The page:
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Ein differenzierteres Strukturmodell des deutschen Schriftsystems 

Zurück zum Heft: Linguistische Berichte Heft 234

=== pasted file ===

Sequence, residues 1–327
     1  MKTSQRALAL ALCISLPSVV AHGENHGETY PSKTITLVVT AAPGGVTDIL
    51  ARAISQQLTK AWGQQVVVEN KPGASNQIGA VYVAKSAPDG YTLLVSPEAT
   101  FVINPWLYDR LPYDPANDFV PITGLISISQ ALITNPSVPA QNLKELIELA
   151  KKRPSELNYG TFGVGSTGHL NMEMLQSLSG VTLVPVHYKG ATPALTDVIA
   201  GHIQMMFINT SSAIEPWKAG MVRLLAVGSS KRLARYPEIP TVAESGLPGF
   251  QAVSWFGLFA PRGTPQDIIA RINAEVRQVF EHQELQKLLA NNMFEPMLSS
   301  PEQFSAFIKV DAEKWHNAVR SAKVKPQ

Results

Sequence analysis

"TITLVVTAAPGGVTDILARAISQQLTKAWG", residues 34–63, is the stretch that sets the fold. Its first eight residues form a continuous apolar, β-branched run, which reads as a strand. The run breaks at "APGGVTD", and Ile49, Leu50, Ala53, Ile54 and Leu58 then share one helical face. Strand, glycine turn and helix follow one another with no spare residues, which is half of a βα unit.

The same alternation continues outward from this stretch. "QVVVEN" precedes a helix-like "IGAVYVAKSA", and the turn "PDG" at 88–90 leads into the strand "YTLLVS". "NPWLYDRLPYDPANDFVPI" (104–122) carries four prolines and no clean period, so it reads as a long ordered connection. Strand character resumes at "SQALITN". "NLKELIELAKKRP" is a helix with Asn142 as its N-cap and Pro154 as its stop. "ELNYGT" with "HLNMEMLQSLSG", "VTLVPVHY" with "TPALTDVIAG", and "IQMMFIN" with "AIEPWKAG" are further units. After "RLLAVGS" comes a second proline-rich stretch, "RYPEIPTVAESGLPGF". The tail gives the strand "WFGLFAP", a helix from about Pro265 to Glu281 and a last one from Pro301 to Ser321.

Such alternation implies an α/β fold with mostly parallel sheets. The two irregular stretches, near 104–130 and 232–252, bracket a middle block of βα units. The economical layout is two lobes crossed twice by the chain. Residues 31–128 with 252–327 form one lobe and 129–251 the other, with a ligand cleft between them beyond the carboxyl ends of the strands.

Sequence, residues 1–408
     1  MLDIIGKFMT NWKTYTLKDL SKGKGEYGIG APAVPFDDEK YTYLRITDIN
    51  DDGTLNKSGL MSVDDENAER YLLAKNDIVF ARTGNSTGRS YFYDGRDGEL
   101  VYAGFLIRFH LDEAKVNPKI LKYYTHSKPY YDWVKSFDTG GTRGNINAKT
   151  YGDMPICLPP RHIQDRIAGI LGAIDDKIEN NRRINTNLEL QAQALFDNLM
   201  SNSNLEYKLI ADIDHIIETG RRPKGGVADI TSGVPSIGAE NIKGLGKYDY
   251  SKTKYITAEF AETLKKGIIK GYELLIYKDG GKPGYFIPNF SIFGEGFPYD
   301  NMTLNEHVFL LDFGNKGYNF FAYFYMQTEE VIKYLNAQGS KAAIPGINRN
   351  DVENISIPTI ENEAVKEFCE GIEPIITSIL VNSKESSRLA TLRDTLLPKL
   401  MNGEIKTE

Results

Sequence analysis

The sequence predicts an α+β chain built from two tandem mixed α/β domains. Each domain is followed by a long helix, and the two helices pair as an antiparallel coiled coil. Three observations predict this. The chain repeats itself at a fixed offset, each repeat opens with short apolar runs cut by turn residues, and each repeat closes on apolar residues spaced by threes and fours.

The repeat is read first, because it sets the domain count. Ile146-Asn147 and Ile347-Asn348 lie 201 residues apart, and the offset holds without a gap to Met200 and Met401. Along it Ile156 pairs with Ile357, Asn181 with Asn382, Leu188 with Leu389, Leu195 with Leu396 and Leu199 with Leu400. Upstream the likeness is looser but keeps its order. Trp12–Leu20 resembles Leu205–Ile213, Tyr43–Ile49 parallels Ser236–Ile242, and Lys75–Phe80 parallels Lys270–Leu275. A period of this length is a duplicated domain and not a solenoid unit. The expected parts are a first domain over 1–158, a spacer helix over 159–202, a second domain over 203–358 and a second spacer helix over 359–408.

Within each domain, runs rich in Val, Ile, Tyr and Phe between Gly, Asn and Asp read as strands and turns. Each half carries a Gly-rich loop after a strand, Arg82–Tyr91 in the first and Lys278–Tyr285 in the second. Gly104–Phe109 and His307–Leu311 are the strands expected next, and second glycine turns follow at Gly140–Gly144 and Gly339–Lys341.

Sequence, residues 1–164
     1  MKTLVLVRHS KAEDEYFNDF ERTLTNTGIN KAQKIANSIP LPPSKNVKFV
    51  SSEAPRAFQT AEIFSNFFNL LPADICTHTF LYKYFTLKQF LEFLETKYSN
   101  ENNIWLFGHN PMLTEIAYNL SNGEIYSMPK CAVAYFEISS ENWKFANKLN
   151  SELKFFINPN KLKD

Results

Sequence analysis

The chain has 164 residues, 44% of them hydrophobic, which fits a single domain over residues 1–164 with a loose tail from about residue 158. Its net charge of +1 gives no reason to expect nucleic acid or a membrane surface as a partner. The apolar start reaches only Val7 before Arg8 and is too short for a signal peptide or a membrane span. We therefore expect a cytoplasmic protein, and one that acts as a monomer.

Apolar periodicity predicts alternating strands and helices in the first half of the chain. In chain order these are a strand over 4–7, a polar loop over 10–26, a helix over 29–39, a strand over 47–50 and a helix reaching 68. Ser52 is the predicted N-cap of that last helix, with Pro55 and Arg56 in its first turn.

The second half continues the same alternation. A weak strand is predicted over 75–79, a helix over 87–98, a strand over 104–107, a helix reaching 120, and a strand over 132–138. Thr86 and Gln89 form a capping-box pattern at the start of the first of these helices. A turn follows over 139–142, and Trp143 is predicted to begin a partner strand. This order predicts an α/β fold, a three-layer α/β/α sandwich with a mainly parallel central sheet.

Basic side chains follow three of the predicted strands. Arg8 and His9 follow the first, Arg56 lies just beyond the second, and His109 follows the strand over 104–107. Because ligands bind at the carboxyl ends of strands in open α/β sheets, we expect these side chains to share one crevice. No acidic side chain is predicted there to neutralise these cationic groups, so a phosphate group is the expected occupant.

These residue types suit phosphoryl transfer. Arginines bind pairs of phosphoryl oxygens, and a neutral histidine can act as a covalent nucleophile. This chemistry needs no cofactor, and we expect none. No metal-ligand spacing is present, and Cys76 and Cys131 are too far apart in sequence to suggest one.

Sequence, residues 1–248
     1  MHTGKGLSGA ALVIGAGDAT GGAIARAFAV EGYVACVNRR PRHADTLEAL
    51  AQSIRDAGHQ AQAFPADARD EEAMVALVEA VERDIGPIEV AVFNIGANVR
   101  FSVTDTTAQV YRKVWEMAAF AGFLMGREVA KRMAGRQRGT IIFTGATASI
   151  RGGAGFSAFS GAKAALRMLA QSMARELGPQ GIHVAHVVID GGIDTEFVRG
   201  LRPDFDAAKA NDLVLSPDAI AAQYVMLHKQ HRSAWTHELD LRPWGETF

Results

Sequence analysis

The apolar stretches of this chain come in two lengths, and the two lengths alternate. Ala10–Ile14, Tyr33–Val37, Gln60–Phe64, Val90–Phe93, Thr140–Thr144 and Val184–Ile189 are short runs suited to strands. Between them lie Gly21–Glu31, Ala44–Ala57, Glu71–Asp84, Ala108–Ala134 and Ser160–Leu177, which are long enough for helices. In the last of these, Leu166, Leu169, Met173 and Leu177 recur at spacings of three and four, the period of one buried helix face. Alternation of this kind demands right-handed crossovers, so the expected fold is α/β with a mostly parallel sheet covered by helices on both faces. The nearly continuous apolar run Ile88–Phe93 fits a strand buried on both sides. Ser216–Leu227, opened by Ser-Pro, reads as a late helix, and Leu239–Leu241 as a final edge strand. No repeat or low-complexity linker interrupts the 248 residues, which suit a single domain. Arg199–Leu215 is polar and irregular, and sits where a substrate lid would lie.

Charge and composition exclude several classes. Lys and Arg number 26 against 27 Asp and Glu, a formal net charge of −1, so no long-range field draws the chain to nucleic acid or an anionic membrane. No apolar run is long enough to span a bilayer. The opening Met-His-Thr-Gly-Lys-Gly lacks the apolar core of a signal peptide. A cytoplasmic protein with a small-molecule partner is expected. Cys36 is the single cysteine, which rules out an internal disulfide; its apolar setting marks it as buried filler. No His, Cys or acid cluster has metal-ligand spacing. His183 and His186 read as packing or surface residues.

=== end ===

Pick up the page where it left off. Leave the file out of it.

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The German writing system is typically described as using two kinds of elementary units: graphemes, which are abstract entities, and graphs (or glyphs), which are their material expressions. Although this dichotomous model may be sufficient for orthographic tasks, it proves inadequate for mapping the writing system as a whole, for which it is neither differentiated enough nor consistent. This paper aims to enhance the customary model by demonstrating that the grapheme has to fulfill three incompatible systematic functions at once and, as a consequence, by establishing distinct levels within the model. In terms of graphemics, it is pointed out that although the grapheme can only be defined either as a phoneme correspondent or as a minimal semantically distinguishing unit, both contradicting definitions are often jumbled (for instance by using statistical criteria to determine minimal units). In terms of graphetics, it is argued that prototypical character shapes are systematically relevant entities as some graphemes show more than one prototypical shape. Furthermore, the choice between shapes can to some extent be influenced by morphological, lexical or other linguistic parameters, such as text length or region. As a result, the structural model of the writing system is extended to four hierarchic levels of elementary units, tentatively called "phoneme correspondents", "graphemes", "basic shapes", and "graphs". Even though the model is developed with respect to German, quintessential parts of the argumentation can be applied to other languages which use the Roman alphabet.